A simple small scale network may add some fun and comfort to the home, but it may be just nice-to-have and not a real smart home — is it worth the set-up cost and maintenance trouble later? The more comprehensive and expensive systems above $100,000 can be extravagant luxuries. It appears that a smart network of substance and practical value would require an investment of several tens of thousands of dollars.The examples given by MSN miss the inclusion of essential products like smart electric appliances — this is the area where, according to some experts, the real potential and future practical value of smart homes lies.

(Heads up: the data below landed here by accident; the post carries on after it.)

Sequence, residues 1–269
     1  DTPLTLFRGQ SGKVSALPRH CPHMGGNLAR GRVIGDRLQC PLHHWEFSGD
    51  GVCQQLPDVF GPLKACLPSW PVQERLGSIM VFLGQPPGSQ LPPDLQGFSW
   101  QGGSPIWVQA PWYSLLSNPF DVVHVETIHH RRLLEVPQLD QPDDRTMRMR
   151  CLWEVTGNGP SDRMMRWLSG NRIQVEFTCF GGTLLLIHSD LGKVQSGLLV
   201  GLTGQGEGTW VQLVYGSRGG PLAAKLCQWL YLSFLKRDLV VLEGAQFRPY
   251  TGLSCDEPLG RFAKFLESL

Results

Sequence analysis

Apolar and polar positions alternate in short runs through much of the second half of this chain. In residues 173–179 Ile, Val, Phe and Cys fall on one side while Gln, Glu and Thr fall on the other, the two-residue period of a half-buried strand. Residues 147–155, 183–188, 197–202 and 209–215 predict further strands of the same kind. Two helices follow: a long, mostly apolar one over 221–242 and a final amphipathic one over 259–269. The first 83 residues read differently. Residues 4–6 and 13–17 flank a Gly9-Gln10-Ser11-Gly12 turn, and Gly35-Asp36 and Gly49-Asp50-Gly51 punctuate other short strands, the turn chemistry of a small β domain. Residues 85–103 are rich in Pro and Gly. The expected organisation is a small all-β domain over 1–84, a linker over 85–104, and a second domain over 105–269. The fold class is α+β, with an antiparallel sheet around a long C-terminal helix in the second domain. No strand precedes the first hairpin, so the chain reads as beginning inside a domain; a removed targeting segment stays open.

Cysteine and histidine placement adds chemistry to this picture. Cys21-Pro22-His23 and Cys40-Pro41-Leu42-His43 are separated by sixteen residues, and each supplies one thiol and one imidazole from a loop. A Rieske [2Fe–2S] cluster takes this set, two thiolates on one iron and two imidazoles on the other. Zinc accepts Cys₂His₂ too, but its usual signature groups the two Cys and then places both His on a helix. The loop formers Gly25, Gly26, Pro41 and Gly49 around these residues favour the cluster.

The entry of some of the larger global companies in consumer electronics, computer and information networks, perhaps provides the strongest indication of the potential and value they see in the future of smart homes. Companies like General Electric and Samsung Electronics develop appliances such as refrigerators, washing machines, dish washers and ovens that can be controlled from distance, provide useful information (e.g., milk shortage in the refrigerator), and not least allow more efficient energy usage. Some appliances are just ready for marketing. Samsung also works on the networking equipment and joining applications of their make. Google, which is getting deeper into the domain of Internet of Things, acquired Nest, a company that developed a unique smart thermostat, for $3.2b in January 2014; it now relies on the founder Tony Fadell to develop similar capabilities with other products. The thermostat of Nest does not need to be programmed by residents of the house because it learns their behaviour. More recently Google acquired Dropcam for its web-enabled security camera (1). Apple took the challenge from its rivals and introduced about two months ago its software platform HomeKit for developing apps that can operate home appliances from their mobile devices (iPod, iPhone, iPad). It is an unusual move for Apple to accommodate equipment of other companies. On the other hand, manufacturers of the smart appliances become concerned that Apple will draw from them control of their own products through the apps of HomeKit. Apple intends its TV to be the future hub for its smart home network (2).